AVMA supports legislation surrounding xylitol warning label requirements
The legislation will require food containing the substance toxic to pets—xylitol—to include a warning label highlighting its harmful effects.
The American Veterinary Medical Association (AVMA) announced its full endorsement of the Paws Off Act of 2021, which would require food containing the sugar substitute xylitol—a substance highly poisonous to pets, particularly dogs—to feature a warning label specifying its toxic effects. This act will educate pet parents about products containing this artificial sweetener to help ensure their pet’s safety.
Though used in various everyday products, xylitol does not typically appear on the ingredient label, making it challenging for owners to determine which items are harmful to pets. Xylitol is most frequently found in sugar-free gum and breath mints, but can also be present in vitamins, cough drops, sugar-free desserts, mouthwash, toothpaste, and other household items.
According to an organizational release,1 representatives' David Schweikert (R-Ariz.) and Greg Stanton (D.-Ariz.) proposed the bill in the House of Representatives and representatives Michael Waltz (R. Fla.) and Raúl Grijalva (D.-Ariz.) joined as original cosponsors.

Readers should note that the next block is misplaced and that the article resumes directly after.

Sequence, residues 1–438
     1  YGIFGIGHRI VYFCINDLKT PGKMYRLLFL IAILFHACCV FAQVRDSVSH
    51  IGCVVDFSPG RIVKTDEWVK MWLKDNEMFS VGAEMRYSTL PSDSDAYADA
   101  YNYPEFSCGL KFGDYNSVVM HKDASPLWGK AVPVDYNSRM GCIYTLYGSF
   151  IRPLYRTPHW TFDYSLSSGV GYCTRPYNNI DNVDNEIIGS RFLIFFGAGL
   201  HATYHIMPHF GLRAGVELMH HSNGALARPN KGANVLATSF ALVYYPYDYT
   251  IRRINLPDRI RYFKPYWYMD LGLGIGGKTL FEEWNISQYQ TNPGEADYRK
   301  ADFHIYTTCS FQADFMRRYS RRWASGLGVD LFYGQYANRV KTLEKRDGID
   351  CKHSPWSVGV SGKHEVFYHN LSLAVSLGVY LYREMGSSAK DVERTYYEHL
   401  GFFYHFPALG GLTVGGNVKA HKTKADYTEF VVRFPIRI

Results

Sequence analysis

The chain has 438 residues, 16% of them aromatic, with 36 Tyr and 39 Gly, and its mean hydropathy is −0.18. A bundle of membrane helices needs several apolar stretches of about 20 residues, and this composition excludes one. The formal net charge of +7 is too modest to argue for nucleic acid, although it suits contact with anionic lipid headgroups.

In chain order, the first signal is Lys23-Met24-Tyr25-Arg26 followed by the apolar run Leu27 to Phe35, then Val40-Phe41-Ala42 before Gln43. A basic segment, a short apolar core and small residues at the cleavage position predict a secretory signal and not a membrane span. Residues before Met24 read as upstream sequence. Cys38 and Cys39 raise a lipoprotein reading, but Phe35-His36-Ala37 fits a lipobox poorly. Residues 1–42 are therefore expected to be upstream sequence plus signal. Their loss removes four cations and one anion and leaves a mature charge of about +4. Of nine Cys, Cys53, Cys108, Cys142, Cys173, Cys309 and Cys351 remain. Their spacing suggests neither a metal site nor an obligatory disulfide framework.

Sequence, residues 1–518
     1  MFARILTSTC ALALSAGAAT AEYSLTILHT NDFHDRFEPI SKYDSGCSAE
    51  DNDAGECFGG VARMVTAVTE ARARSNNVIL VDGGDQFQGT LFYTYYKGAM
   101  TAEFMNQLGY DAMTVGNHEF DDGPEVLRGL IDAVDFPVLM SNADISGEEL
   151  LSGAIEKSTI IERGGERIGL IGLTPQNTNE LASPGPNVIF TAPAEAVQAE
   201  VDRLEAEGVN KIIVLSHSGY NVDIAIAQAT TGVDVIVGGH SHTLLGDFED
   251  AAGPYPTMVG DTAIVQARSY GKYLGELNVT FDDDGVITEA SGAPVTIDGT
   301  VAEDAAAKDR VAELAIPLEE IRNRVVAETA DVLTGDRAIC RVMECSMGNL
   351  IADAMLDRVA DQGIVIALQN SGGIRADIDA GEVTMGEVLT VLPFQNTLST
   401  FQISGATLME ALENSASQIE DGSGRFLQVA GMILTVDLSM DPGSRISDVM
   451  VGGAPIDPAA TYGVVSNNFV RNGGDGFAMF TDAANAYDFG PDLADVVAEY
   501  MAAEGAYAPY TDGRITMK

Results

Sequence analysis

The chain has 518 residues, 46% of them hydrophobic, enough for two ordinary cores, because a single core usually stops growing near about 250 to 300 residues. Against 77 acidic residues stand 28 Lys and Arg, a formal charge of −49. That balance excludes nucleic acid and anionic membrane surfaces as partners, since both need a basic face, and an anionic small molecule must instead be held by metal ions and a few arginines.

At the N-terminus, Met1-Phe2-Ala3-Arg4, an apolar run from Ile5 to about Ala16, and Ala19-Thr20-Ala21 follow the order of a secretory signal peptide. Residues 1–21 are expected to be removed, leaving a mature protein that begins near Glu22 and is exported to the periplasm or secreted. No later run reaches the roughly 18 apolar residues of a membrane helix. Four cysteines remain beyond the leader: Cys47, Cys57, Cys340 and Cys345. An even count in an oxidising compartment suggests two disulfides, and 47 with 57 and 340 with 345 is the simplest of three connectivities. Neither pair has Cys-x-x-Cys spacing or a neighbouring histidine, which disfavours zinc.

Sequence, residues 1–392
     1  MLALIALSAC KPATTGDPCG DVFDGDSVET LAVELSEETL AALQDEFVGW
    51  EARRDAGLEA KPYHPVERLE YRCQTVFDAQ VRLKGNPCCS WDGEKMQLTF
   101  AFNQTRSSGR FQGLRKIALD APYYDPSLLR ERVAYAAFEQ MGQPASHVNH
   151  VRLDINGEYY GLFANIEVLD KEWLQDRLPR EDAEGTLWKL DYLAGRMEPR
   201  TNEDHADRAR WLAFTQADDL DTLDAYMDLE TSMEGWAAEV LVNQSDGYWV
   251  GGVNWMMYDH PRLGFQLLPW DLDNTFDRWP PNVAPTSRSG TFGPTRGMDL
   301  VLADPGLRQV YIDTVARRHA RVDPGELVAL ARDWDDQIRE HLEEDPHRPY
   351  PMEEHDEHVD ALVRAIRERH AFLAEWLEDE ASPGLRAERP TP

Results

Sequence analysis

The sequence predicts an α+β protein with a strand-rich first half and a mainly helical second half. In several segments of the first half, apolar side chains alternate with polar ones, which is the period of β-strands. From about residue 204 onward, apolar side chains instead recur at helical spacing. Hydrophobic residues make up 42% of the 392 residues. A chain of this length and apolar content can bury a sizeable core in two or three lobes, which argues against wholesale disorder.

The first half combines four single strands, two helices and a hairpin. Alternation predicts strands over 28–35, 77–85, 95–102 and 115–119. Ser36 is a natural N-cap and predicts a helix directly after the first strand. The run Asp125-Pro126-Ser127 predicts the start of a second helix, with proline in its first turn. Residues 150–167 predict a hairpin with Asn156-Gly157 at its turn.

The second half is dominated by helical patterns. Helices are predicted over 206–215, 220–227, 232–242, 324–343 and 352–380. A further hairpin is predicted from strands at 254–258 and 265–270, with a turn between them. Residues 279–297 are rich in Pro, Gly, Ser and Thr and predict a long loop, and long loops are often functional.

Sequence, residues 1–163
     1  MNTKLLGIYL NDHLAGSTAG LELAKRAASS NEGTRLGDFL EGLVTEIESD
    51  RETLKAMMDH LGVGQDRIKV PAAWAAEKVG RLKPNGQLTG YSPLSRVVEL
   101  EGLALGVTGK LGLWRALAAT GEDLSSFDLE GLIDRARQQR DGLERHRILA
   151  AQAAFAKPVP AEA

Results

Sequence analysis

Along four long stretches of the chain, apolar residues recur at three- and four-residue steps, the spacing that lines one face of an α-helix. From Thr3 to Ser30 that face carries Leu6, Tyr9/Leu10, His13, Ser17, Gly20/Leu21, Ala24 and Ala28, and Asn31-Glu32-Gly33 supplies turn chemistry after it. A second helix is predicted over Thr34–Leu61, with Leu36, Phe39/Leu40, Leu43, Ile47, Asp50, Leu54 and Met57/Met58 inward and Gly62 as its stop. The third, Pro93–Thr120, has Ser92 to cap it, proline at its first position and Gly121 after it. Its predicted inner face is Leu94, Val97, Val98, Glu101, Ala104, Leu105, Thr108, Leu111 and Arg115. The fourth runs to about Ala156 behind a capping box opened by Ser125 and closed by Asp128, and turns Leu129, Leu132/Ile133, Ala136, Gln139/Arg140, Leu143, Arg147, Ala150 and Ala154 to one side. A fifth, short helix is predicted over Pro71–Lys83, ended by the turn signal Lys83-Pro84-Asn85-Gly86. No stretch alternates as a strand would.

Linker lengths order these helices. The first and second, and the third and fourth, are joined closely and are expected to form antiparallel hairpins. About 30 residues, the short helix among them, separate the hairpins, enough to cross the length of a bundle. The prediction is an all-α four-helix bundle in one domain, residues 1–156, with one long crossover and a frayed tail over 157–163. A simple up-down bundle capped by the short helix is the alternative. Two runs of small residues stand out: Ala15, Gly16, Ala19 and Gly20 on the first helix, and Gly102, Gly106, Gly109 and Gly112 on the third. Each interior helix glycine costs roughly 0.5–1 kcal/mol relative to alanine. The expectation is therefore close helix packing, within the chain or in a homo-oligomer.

“Ensuring pet owners are aware of the products and household items that pose a threat to their pets is a critical component of animal welfare,” said José Arce, DVM, AVMA President, in the release.1 “Despite the deadly harm xylitol presents to dogs and other pets, it is frequently not listed in the ingredient label in products we use on an everyday basis.”
“We must enact the Paws Off Act of 2021 to inform the public about which products contain the artificial sweetener and the poisonous effect it has on our pets. The AVMA applauds Representatives Schweikert, Stanton, Waltz, and Grijalva for championing this necessary legislation in Congress,” he added.
Concurrently, over the past 15 years, xylitol poisoning calls have spiked significantly, reflecting its growing presence in products. In 2005, 201 xylitol-related calls were documented, in 2018, there were 6,760.2
“With roughly 50% of American households owning 1 pet or more, it is vital that families be informed of the dangers many basic items and products can pose to their animal’s lives,” said Schweikert, in the release.1
“Late surveys conducted by the FDA have shown that an overwhelming majority of pet owners are unaware of the existence of this toxin in their everyday items. I'm proud to introduce this legislation to heighten awareness around this chemical, so that pets may remain protected,” he continued.
- AVMA backs legislation promoting xylitol pet safety requirements. News release. September 14, 2021; AVMA. Accessed September 14, 2021. https://www.petage.com/avma-backs-legislation-promoting-xylitol-pet-safety-requirements-for-toxic-poison-dogs/
- Nicholas J. Xylitol: The “sugar-free” sweetener your dog NEEDS to know about. Preventive Vet. https://www.preventivevet.com/dogs/xylitol-sugar-free-sweetener-dangerous-for-dogs. Published August 10, 2015. Updated September 2, 2021. Accessed September 14, 2021.
Editors note: All veterinary technician content for this month is supported by Banfield Pet Hospital.